Corporate businessmen do understand the bottom line and I don't think that too many of them will continue to operate when expenses excessively exceed revenues. They will trim fat. They will get lean. They will act with fiscal responsibility. If you own your own business you will understand that principle. If you work for someone then it might be harder for you to grasp. It takes a lot of effort to sell a product or service. It just doesn't appear --- like some in government obviously think.

 

I think the scenario that you describe more adequately describes a bigger government that makes people dependent upon them, thus increasing their power base.

rdopping
rdopping

 @ginidietrich You're right and I recognize the issues with gaming the system.

 

I would have fully expected that because as I mentioned the $$$ always seem to over-ride the "right thing to do". Not many firms are like yours who actually care about people and not only making as much money as possible.

 

I am sure you agree that healthcare is an extremely important issue and it costs. People don't want to pay for it because it's not in inherent in the culture like it is in Canada or the UK where it is part of doing business. We have to find other ways to make profit.

kmskala
kmskala

 @ginidietrich  "We don't know how this is going to affect us and we're gathering as much information as we can right now in order to bring you the best recommendation. When we have everything we need to make an educated decision, we'll let you know how this will affect your benefits."

 

But they do know how it's going to affect them. And that's what they are informing people. This type of action happens every day for a number of reasons -- decreased sales, increased cost of goods, etc. The only reason this is different is because of the politics behind it.

 

We'll have to agree to disagree on this.

wgmccoll
wgmccoll

 @ginidietrich  @kmskala Gini:  You hit upon an excellent point about leadership communication.  A leader can't be the "boy who cried wolf" if he/she wants the team to trust him/her.  A healthcare cost crisis isn't upon the company yet, so it makes sense to wait a bit before declaring there are no options but layoffs.  Compare that to the situation at Hostess, where the CEO said flat out everyone would be out of a job unless striking bakers came back to work.  That was no idle threat, and we saw what happened. That's hardly the case at Papa John's.  

TaraGeissinger
TaraGeissinger

 @ginidietrich  @HowieG I agree, the scare tactics are uncalled for and really leave a sour taste in my mouth as a consumer. Given the choice, I am not going to buy pizza from them if they treat their employees that way. As for Obamacare, I am personally very worried about it. The chiropractors and doctors that I know are very fearful of what it is going to look like when it rolls out. Yes, stage one looks appealing enough....that's kind of the point. I think we'll find, however, that it is going to cost us a lot in the long run, and not just in dollars.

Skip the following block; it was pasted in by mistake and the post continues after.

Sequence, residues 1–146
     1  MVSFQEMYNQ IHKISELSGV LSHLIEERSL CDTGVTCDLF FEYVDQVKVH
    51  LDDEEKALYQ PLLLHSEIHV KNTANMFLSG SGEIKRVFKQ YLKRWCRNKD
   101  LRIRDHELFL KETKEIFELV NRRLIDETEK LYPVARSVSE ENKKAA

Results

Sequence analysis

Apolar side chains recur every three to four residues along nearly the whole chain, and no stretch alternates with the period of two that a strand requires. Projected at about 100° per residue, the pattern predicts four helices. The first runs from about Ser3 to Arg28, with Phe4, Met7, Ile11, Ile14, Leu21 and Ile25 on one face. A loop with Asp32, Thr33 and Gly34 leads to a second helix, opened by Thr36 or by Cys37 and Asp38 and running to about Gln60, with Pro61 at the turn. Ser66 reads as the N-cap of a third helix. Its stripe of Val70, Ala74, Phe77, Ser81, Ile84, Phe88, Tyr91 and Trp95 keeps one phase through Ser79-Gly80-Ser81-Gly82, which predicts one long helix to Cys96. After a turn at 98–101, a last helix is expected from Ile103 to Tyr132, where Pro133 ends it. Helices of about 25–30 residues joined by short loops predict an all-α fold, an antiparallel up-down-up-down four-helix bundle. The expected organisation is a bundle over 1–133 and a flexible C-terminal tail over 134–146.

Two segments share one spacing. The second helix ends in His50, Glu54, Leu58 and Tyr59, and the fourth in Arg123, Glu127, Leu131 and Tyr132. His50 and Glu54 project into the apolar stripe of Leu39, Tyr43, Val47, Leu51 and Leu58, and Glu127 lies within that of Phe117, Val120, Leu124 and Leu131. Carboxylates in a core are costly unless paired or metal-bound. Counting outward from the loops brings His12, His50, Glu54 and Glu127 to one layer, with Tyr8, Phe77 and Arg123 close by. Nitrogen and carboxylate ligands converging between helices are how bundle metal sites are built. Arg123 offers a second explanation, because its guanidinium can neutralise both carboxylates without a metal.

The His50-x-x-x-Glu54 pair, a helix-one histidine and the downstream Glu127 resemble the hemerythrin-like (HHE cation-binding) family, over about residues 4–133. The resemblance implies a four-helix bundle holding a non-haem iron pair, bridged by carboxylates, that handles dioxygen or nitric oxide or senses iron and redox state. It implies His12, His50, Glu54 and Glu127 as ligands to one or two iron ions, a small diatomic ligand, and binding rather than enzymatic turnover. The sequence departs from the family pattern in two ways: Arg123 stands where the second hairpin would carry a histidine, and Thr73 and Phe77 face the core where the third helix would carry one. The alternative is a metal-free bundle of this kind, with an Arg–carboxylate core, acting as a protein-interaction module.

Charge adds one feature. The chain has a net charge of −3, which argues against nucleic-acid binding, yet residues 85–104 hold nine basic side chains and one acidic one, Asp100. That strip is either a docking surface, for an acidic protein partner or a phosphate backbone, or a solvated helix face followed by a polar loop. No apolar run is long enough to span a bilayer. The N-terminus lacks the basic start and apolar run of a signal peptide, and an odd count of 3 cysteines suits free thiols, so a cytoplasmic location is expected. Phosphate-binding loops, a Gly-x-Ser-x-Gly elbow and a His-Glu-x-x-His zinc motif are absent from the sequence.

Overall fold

ginidietrich
ginidietrich moderator

 @rdopping I guess that's where it rubs me wrong. If you don't care about your employees, you have turnover. When you have turnover, your margins decrease. When you decrease, you have to find new ways to make money. So why not just be good to your employees?

ginidietrich
ginidietrich moderator

 @kmskala But why say we're going to lay you off or put you to part-time hours? All that does is incite panic. And the part-time hours is only to beat not having to pay the penalty for not offering health care. So you're inciting panic and you're showing your team you are going to game the system. It's bad leadership, no matter how you dice it.

debdobson62
debdobson62

 @ginidietrich  @wgmccoll  @kmskala I so agree.  Leadership is not about threatening your employees about a vote or something they can't control.  Leadership is about figuring out how to manage and lead the company.

belllindsay
belllindsay

 @ginidietrich  @TaraGeissinger  @HowieG However, if we're talking about dental and prescription, etc., then yes, to go private (i.e. Blue Cross or whatever) is ridiculous - and god forbid if you've had any major illnesses, in fact forget about it altogether if you have anything chronic like diabetes or asthma! I'm pretty sure no private insurance company would even take me on. ;) #sicko

belllindsay
belllindsay

 @ginidietrich  @TaraGeissinger  @HowieG What do I know? I just hand over 3/4 of my pay to the government every year and they take care of me. ;)  Our taxes are insane, but it's been that way for so long now that it just feels normal.